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Fewer days lost to industrial disputes in second quarter

Figures from the CSO show that while the number of disputes remained unchanged, fewer days were lost to strikes.

The Irish economy lost just 572 days of output in the second quarter of 2011, even though the number of industrial disputes remained unchanged.
The Irish economy lost just 572 days of output in the second quarter of 2011, even though the number of industrial disputes remained unchanged.
Image: Mark Stedman/Photocall Ireland

IRISH BUSINESSES lost far fewer working days to industrial action in the second quarter of 2011 than they did during the same period in 2010, new figures have shown.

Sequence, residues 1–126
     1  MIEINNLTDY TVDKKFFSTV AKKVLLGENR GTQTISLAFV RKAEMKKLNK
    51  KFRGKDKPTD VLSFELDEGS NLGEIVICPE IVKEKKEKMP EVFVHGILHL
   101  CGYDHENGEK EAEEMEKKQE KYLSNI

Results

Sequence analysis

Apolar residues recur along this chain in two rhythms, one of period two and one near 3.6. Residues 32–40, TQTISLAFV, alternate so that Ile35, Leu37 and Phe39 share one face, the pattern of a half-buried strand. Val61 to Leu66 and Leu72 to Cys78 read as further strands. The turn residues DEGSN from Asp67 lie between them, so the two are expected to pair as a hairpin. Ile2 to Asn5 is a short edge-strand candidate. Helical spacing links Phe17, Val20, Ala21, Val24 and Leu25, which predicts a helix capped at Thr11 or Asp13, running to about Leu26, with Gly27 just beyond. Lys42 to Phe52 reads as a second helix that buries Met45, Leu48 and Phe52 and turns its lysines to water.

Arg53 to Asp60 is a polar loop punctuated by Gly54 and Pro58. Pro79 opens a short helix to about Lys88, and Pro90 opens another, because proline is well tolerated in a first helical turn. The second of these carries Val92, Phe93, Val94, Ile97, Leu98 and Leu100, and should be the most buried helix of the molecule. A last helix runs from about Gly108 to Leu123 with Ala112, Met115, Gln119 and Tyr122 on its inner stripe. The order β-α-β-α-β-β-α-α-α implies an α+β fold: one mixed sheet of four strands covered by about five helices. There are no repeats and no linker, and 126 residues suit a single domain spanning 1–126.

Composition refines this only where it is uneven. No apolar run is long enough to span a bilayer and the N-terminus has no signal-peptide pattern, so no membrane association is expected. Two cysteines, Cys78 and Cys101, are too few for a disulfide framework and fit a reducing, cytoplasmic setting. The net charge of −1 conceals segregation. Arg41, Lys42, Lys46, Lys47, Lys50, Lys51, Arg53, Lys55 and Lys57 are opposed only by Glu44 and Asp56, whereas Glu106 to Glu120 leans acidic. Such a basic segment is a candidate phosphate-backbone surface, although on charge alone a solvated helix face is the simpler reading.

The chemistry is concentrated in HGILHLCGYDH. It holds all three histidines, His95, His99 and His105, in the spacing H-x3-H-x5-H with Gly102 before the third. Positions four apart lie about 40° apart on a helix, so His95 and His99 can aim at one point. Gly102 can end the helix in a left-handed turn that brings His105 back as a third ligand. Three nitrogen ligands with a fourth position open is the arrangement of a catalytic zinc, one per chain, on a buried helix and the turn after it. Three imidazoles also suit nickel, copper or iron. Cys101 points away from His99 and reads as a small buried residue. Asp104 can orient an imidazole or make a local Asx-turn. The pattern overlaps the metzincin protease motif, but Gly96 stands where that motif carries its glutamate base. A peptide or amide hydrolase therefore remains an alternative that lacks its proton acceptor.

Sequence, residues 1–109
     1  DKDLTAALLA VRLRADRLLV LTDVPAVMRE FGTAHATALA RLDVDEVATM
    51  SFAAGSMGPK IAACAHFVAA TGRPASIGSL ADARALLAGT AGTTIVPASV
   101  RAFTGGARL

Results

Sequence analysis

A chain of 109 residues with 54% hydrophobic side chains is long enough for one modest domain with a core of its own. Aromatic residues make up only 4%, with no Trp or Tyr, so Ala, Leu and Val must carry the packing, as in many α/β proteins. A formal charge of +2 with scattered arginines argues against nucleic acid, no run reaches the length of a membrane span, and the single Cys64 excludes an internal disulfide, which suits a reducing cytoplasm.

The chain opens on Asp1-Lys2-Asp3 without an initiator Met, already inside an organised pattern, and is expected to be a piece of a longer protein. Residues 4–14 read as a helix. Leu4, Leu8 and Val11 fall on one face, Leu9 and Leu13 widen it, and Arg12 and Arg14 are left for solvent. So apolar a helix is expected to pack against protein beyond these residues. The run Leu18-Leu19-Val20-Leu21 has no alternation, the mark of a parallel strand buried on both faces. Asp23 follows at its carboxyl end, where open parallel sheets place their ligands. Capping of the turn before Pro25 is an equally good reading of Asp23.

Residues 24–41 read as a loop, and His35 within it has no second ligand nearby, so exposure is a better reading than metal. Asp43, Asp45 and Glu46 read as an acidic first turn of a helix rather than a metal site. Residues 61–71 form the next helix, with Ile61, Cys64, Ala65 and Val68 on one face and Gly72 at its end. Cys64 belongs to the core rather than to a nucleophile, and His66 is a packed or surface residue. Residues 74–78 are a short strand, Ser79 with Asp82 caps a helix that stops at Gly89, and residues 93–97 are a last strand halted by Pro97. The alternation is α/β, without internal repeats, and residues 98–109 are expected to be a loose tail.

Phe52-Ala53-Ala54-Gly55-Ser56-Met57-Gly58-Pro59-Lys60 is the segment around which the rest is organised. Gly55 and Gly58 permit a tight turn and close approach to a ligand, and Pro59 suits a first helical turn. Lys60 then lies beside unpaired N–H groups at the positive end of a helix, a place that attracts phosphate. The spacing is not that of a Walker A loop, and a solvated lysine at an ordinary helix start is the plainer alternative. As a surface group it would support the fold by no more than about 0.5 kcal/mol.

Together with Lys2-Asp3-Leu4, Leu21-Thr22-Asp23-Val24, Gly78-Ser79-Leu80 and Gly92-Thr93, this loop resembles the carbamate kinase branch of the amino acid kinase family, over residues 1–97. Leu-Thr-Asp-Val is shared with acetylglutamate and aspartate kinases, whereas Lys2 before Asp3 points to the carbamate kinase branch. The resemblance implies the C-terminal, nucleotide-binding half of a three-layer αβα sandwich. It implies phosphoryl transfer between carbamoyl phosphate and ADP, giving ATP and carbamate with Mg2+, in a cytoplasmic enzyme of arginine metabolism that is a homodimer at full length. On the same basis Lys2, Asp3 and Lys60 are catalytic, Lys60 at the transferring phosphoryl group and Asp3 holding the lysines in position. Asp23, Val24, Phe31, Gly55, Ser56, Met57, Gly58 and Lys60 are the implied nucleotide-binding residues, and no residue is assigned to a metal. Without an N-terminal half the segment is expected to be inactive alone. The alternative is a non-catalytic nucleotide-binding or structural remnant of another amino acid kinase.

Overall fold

Data published by the Central Statistics Office showed that while the number of officially acknowledged industrial disputes remained unchanged compared to the first quarter, businesses lost out on far fewer days of work.

Three disputes, involving a total of 462 staff, led to the loss of 572 days’ output – compared to the first quarter, when 335 workers missed out on a total of 2,451 days of work.

The 572-day loss in Q2 of 2011 also compared favourably to the second quarter of 2010, when just 22 workers managed to accumulate 1,136 days of industrial action.

In the quarter just gone, one single one-day strike – in the construction sector – accounted for 402 days of lost work, over two-thirds of the total.

Another industrial action recorded was in the field of public administration, while the third was in an unnamed miscellaneous sector.

Save for the fourth quarter of last year – when just 27 days’ output was lost – the loss of output in the second quarter of 2011 is the lowest since the third quarter of 2007, when no industrial action of any sort was noted.

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